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Comment Re:Dumb Question (Score 1) 284

No, not really emotional about it.

But I do see that you created a grandma that needs help to get online and then ignore the fact that the helper could, with very modest effort, set gramma up with a blocking tool that keeps itself up to date. It's clearly not as good an outcome as getting websites to not enable Facebook, but it isn't complicated or hard.

Comment Re:Dumb Question (Score 1) 284

No, I was just responding specifically to "Web sites simply don't have permission to set ANY cookies without your permission".

I agree that users are generally blind to the defaults of their software, but saying that the website sets the cookie without permission ignores the fact that the website can't actually do anything more than request that the browser store the cookie.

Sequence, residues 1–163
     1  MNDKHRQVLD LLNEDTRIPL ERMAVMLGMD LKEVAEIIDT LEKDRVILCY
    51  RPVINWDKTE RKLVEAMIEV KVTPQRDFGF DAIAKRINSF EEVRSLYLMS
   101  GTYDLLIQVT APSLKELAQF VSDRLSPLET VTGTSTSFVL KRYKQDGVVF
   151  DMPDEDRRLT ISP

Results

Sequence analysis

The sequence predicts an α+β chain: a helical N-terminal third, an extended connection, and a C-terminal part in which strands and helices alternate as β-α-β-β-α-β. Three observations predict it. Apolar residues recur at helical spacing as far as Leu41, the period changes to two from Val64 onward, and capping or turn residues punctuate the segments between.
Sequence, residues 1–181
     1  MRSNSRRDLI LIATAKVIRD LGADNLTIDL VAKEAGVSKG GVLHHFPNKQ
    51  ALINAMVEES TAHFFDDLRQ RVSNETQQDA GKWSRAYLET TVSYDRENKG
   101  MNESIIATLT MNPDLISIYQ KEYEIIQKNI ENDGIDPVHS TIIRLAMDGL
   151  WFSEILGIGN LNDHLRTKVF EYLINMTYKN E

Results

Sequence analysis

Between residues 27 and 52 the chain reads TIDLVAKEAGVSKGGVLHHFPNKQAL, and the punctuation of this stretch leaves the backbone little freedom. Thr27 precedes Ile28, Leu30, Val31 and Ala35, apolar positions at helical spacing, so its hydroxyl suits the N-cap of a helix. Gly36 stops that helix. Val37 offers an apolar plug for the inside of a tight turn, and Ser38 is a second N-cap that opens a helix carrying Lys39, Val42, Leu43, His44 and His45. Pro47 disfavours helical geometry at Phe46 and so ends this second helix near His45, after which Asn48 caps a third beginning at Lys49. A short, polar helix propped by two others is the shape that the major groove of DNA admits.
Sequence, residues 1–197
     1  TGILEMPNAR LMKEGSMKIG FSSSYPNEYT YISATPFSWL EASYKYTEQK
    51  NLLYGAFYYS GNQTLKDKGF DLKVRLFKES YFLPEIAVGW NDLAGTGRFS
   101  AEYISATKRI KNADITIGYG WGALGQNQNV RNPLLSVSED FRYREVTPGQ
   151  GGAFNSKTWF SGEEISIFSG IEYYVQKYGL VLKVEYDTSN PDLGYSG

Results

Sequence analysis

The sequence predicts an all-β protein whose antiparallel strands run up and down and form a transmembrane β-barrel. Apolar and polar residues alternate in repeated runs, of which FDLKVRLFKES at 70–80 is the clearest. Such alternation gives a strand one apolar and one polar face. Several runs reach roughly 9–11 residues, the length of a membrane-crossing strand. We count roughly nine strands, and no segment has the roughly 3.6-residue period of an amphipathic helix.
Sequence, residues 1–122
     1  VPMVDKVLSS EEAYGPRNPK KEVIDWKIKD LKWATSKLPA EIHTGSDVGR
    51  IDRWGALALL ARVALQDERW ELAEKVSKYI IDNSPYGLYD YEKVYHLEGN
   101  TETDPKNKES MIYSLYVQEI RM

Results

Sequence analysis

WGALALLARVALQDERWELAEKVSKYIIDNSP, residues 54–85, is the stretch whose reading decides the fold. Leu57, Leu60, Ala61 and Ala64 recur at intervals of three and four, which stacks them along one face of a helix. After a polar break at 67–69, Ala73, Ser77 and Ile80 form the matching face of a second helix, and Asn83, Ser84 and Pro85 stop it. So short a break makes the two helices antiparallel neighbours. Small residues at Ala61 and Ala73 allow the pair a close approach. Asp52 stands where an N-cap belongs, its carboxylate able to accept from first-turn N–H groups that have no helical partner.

The tracking problem is somewhat solved for people that care to understand it, there are lots of ways to prevent requests from even being made to third party servers (for instance, because of Adblock Plus, I know that this comment entry page would use Google Analytics if I didn't block it and that the only other server it refers to is fsdn.com); that leaves the problem of enumerating the services doing the tracking, but blocking Google, Facebook and Twitter goes an awful long way.

Of course, that doesn't solve the problem of log aggregation and proxied tracking, but those are pretty different than requesting that the browser do this or that.

Comment Re:Dumb Question (Score 1) 284